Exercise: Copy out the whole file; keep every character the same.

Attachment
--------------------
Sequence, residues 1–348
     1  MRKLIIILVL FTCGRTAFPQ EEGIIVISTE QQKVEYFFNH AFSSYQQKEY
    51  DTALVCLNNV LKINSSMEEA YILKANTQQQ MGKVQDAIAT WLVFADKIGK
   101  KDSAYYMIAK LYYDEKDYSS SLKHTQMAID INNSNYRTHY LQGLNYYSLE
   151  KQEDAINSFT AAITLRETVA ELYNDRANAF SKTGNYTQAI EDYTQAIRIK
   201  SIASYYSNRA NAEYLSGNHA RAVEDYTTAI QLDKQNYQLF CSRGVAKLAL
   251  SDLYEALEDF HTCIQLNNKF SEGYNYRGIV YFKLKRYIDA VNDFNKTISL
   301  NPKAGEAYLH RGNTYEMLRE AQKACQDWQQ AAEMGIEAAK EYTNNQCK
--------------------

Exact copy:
Sequence, residues 1–348
     1  MRKLIIILVL FTCGRTAFPQ EEGIIVISTE QQKVEYFFNH AFSSYQQKEY
    51  DTALVCLNNV LKINSSMEEA YILKANTQQQ MGKVQDAIAT WLVFADKIGK
   101  KDSAYYMIAK LYYDEKDYSS SLKHTQMAID INNSNYRTHY LQGLNYYSLE
   151  KQEDAINSFT AAITLRETVA ELYNDRANAF SKTGNYTQAI EDYTQAIRIK
   201  SIASYYSNRA NAEYLSGNHA RAVEDYTTAI QLDKQNYQLF CSRGVAKLAL
   251  SDLYEALEDF HTCIQLNNKF SEGYNYRGIV YFKLKRYIDA VNDFNKTISL
   301  NPKAGEAYLH RGNTYEMLRE AQKACQDWQQ AAEMGIEAAK EYTNNQCK